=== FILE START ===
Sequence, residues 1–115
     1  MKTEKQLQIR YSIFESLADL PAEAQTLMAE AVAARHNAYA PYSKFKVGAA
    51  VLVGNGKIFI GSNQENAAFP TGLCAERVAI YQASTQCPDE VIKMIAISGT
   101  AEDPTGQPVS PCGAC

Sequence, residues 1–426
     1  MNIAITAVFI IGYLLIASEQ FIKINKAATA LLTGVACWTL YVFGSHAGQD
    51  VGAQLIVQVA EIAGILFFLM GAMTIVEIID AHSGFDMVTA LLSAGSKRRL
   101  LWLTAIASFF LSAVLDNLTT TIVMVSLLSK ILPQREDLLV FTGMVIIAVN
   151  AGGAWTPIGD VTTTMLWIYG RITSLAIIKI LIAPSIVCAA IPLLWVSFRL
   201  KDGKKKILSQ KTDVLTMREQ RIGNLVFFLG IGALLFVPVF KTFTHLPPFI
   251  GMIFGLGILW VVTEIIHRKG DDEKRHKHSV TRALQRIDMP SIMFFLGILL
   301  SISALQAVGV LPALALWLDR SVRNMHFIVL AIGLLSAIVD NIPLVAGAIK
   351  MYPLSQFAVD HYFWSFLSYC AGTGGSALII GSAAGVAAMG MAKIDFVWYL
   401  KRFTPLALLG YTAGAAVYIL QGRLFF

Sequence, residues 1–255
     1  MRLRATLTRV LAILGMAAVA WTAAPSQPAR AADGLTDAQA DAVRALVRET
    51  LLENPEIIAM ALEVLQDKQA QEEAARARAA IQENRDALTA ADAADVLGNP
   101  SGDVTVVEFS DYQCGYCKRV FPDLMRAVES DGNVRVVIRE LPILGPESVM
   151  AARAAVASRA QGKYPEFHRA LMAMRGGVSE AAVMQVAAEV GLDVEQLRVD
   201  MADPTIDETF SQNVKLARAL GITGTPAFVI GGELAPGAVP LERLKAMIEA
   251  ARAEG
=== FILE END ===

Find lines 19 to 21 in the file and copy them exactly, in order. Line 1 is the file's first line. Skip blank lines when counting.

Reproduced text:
   151  AARAAVASRA QGKYPEFHRA LMAMRGGVSE AAVMQVAAEV GLDVEQLRVD
   201  MADPTIDETF SQNVKLARAL GITGTPAFVI GGELAPGAVP LERLKAMIEA
   251  ARAEG